I have two tables,
Items has about 7 million rows whereas
Grouping only has 300,000.
Of the two conditions on my query, the 'human obvious' thing is to evaluate
G.StatusID IN (1,2) first. It seems obvious to do this first because:
- only 10% of rows fulfil the criteria about
StatusID(I have checked, and SQL's statistics know this)
Groupinghas relatively few rows
- there is an index on
Those things combined mean that if the
G.StatusID IN (1,2) condition is looked at, far fewer rows from
Items have to be examined.
Select GroupingID, Sum (Amount) FullAmount From Grouping G Join Items I -- With (INDEX(IX_Items_GroupingID)) On G.GroupingID = I.GroupingID Where I.ThingID Is Null And G.StatusID IN (1,2) Group By G.GroupingID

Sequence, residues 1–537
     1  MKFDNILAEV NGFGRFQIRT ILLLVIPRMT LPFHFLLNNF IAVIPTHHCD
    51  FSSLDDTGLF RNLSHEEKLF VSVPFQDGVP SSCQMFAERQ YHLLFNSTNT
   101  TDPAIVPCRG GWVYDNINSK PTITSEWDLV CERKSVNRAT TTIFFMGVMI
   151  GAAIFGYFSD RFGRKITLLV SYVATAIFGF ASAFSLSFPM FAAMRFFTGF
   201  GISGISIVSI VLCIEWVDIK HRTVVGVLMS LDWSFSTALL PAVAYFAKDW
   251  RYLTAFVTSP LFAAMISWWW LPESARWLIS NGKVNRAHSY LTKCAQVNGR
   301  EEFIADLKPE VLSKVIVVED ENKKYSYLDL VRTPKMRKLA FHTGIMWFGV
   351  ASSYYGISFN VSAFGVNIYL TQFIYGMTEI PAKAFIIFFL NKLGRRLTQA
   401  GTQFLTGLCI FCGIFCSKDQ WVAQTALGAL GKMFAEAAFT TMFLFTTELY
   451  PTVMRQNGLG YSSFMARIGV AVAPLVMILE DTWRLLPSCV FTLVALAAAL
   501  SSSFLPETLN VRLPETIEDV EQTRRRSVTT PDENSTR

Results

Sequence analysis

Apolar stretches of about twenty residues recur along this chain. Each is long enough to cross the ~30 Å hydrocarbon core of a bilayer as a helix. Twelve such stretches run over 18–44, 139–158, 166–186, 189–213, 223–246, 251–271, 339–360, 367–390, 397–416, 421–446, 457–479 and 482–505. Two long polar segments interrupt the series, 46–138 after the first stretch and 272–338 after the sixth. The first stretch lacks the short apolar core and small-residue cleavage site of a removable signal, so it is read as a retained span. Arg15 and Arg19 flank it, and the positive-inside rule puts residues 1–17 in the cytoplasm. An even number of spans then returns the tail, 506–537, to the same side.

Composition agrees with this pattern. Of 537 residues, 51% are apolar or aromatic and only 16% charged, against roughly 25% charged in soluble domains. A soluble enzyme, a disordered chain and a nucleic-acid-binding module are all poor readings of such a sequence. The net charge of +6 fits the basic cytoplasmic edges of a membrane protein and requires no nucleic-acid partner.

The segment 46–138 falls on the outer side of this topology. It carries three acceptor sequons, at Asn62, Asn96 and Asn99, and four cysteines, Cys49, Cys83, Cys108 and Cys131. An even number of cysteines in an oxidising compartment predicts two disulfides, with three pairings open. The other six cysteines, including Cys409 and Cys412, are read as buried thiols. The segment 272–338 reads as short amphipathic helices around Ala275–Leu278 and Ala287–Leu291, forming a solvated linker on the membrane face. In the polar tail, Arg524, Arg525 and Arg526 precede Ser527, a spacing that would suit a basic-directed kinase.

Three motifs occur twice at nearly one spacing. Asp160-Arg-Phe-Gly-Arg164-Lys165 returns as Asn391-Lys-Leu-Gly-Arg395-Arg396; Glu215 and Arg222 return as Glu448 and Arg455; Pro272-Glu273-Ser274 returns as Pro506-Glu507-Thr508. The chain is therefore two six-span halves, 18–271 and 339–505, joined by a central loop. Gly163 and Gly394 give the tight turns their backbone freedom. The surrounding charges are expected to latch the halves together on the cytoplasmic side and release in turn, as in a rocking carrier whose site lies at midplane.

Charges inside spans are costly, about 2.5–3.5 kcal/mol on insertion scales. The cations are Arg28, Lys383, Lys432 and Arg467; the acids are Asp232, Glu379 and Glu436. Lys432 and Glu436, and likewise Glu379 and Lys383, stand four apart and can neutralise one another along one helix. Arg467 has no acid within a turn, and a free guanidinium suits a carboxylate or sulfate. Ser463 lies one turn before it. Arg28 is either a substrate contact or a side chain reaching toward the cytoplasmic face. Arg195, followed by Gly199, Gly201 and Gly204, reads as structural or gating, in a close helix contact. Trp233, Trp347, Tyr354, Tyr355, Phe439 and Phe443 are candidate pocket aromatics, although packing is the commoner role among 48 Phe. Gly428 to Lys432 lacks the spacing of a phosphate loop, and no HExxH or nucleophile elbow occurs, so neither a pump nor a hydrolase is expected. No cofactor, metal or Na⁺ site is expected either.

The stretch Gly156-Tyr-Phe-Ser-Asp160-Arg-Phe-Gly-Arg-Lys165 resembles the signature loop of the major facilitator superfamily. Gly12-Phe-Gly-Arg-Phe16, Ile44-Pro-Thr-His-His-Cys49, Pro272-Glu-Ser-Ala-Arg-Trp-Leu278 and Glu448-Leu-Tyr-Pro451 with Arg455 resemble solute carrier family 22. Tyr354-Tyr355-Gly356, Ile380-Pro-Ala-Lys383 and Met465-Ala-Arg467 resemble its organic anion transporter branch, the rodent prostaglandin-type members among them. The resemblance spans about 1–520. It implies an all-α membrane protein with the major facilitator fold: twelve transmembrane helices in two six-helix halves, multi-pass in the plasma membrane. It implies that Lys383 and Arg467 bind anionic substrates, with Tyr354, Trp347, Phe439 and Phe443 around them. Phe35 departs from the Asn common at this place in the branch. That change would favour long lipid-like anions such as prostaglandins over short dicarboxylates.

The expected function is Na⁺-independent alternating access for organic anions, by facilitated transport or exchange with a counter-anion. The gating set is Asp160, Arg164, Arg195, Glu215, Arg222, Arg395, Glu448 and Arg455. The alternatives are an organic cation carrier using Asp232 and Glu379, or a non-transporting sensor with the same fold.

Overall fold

However SQL Server refuses to do this. It is reading the entirety of
Items into memory, and suggests that I implement an index on ThingID. Implementing such an index does speed everything up, but I don't see why I should need to.
If I uncomment the index hint in the code above, SQL Server does as I want it to.
I'd prefer not to put the index hint into production. What is causing SQL Server to pick a slow plan?
(For background, around 25% of
I.ThingID Is Null.)
Amount is a column from